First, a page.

Sacrificing your health to get on the beer and support your team the thin veneer of your obsession is really quite obscene.
And talking of beer, most of you don’t think when it comes to drink.
It’s like a chink in your armour, after a few jars your personality becomes larger, the attachment you have to your judgement becomes farther… and farther away, to the point where you hope and pray that you make it to the next day without your mates looking at you with dismay.

‘It was the drink!’ you cry.
My oh my, there’s that vice again, rising to the surface like an old friend.

And as far as old friends go there’s one you love to detest, probably because it’s simply the best, and that’s sex.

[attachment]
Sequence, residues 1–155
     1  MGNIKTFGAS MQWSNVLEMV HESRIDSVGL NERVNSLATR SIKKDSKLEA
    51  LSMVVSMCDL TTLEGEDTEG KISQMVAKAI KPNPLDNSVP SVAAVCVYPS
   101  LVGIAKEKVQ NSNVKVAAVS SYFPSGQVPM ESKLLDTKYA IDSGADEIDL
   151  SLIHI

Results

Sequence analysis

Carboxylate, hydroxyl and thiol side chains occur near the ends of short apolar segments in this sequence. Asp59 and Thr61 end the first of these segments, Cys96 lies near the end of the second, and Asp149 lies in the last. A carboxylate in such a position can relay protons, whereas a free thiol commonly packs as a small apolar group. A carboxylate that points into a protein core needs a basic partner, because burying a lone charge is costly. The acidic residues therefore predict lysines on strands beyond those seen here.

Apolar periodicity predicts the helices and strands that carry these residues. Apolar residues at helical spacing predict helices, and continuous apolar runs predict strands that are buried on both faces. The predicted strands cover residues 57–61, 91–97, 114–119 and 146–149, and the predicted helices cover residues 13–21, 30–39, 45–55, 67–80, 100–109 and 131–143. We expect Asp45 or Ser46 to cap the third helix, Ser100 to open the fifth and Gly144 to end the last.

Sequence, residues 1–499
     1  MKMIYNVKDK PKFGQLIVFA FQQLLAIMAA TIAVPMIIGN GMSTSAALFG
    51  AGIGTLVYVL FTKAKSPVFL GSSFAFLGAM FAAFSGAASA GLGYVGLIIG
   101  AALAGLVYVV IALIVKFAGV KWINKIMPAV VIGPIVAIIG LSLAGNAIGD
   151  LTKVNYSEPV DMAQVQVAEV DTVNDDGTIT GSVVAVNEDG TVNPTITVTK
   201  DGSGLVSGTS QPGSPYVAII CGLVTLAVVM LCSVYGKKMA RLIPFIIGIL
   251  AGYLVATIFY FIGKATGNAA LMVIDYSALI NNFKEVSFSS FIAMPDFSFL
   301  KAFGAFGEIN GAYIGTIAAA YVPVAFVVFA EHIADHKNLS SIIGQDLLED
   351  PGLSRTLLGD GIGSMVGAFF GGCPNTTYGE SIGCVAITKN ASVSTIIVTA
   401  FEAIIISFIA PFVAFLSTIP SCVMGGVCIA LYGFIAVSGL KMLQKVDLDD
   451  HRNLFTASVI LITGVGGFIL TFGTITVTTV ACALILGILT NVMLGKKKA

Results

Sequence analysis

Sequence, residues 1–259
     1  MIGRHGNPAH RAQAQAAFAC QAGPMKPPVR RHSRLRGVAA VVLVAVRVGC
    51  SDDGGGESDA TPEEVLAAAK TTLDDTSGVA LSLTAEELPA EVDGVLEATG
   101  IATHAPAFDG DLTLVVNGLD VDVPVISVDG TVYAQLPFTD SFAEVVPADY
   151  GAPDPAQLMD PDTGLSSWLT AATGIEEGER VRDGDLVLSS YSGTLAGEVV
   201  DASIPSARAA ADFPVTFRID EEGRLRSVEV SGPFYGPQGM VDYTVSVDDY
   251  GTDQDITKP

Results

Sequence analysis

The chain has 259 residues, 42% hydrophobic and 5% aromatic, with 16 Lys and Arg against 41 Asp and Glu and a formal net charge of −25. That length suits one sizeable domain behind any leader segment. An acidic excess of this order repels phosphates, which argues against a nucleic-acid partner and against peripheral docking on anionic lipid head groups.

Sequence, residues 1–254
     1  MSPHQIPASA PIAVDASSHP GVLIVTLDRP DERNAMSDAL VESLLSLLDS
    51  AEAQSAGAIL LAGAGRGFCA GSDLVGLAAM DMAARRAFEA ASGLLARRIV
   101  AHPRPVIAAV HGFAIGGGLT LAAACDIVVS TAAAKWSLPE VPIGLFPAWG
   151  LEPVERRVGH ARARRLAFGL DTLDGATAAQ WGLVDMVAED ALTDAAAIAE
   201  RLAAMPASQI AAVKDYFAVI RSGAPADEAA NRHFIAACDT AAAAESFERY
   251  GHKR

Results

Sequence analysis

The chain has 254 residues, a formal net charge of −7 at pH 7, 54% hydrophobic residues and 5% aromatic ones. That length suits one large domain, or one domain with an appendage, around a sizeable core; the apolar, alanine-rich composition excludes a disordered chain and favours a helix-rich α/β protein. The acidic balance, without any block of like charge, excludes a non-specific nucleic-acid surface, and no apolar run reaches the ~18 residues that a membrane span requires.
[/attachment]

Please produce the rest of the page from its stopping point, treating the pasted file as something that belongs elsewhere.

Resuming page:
The ultimate need to feed and the strongest vice of all. Indulging this one too much will set you up for a nasty fall.
‘It’s so damn cruel’ you exclaim, for this vice often leaves you drained and deranged and in a lot of pain, it’s insane.

But without our vices what would we be?
Giving in to our dark side seems so easy and our time doesn’t come for free, as you’ll see.
In life though, as in nature, a balance must be struck. Before we give in to our desire to eat, drink and, er… make love, we must be strong and play the long game.
‘It’s hip to be square’, as the song says. You know, the one by Huey Lewis and the News.
Checking myself though you’ll have to excuse as I’ve strayed from the point and it’s clear my brain is all out of joint.
Probably those vices again.
About time I welcomed them back.
After all, they’re old friends.